3) Le Musee d’Orsay is maybe a bit less famous than the Louvre, and definitely smaller, but to me- it’s the best. This refurbished train station is not only a cool architectural building, but it is also home to many, many impressionists’ works. I took a whole class in this building and could just spend hours there. Funnily enough, though, on my more recent trips I haven’t been, because it’s pretty crowded! Like ALL museums in the city, the best way to skip lines is to purchase the Paris Museum Pass. (Sadly, only the Louvre has that “secret” underground second entrance, to my knowledge.) But, if you don’t want to get a pass for a bunch of museums and just want to hit the D’Orsay (or any single museum), you definitely want to at least pre-purchase your ticket online, and have it printed out with you when you arrive. You definitely want to check which day is open late for the D’Orsay, or get there super early. You can risk getting there late in the afternoon on a normal day to avoid the worst crowds, but fair warning- if you’re a fan of impressionism, you’re going to want to give yourself a good amount of time – an rushed hour just won’t do! Again- most of my pics are VERY old, but I did find one that’s electronic- does NOT do justice to this awesome place…
4) Finally, the fourth “must-do” for most visitors to Paris is the amazing Gothic cathedral of Notre Dame. Sadly, there’s no quick or easy trick for getting in easily, and in the summer you WILL have a line (I was SHOCKED at how long it was when I was there mid-day the first week in June). The good news is that it does move fairly quickly, so you’re not looking at an hours-long wait. Estimate about a half hour if it stretches way across the square in front. Some things to think about avoiding the worst of the crowds - visiting during a service can be completely magical and transporting, though you of course don’t have “free rein” to wander around during the service. Other than high holy days, you should be able to get in to attend a service easily. And, if you wait until a service finishes (not the regular mass, but something like vespers), then you often can have an emptier-than-usual view of the rear areas of the cathedral, like the famous rose window (for example). Another super cool thing to do is climb up into the tower. There is a charge, and often a good sized-line for this as well, and obviously you have to be fit enough to climb the teensy, spiral, ancient steps. BUT – it’s one of my favorite views of Paris, and you get to pretend you’re Quasimodo up close to the gargoyles. Here’s a good page to check for visiting either a service or the tower. And here are a few shots of the cathedral (don't forget to go around back, and down onto the banks of the Seine)!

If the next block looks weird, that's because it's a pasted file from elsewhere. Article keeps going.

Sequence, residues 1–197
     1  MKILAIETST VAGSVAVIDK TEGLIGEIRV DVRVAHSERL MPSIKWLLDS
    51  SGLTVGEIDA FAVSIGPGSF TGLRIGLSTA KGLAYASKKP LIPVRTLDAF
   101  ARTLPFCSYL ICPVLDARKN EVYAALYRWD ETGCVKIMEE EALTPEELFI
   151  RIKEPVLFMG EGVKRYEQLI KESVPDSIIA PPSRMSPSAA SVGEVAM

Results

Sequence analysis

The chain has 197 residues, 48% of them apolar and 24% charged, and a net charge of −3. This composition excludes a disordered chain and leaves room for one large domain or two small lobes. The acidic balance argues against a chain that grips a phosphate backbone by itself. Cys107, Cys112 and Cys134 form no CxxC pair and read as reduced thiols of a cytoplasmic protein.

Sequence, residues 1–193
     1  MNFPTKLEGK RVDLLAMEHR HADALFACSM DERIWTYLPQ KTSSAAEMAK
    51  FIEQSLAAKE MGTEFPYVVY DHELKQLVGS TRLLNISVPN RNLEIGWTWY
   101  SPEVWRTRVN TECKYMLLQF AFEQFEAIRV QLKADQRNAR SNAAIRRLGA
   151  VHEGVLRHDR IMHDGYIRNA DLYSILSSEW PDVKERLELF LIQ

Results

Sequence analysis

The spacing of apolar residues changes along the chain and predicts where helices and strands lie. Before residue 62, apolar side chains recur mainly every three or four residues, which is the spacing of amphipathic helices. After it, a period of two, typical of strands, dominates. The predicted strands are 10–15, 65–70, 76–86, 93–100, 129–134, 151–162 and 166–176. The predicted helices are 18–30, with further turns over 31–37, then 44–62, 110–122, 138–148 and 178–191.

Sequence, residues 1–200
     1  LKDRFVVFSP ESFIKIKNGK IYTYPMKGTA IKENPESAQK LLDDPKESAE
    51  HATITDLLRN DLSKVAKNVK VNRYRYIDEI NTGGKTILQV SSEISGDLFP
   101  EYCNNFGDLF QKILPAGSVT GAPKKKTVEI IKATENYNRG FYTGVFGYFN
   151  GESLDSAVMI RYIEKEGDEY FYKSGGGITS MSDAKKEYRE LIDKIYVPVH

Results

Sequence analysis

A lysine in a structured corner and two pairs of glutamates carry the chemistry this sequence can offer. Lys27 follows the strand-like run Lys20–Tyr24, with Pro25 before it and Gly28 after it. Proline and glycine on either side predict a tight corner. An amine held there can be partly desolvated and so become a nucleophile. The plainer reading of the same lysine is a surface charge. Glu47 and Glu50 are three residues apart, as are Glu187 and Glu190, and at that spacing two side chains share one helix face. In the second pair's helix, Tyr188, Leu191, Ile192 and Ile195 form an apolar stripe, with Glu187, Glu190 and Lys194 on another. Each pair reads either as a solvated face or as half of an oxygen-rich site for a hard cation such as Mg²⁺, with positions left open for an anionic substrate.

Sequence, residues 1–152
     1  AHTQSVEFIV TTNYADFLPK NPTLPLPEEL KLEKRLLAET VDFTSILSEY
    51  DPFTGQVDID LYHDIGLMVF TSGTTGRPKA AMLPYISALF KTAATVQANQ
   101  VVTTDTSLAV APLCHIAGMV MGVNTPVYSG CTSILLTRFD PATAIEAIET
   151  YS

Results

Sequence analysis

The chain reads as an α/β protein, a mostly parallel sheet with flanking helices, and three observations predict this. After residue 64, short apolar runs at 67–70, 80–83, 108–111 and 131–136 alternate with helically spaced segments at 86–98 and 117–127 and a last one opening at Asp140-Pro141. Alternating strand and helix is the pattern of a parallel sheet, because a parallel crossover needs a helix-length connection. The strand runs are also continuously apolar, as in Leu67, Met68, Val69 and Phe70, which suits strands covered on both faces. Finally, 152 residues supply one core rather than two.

5) There are a few brand new museums which I tried to visit in June, but BOTH had massive, hours-long lines that I wasn’t expecting. We also tried to pop into an exhibition at the Grand Palais, but it was apparently super popular and there was also a long line there. Lesson Learned: PRE-BUY TICKETS! But- the Maison Louis Vuitton out in the Bois de Boulogne is a spectacular building, which itself is worth visiting (but not on a museum pass). Also brand new and very popular, the recently re-opened Picasso museum in the heart of the Marais. Probably my favorite museum is the no longer “hidden” gem over near Les Invalides – the Musee Rodin. That one is really becoming popular, so you may want to plan for a bit of wait there. Honestly – there are SO many museums, that if you’re planning on visiting a bunch – definitely look into the Paris Museum Pass – that will save you a ton of waiting! Here are a bunch of pics of some of these awesome museums:
Now, these are NOT the only places you'll want to explore in Paris, and you may not even want to do all of them, but they are the MOST popular, and the most likely to cause you lots of wasted time if you're not prepared. Like I said at the beginning, if you're on an escorted tour or elect to book some private tours, or work with a good travel adviser (like ME!), then you'll have the best chance of a well-organized visit with minimal pointless waiting. If not, then hopefully this helps you with your DIY Paris vacation!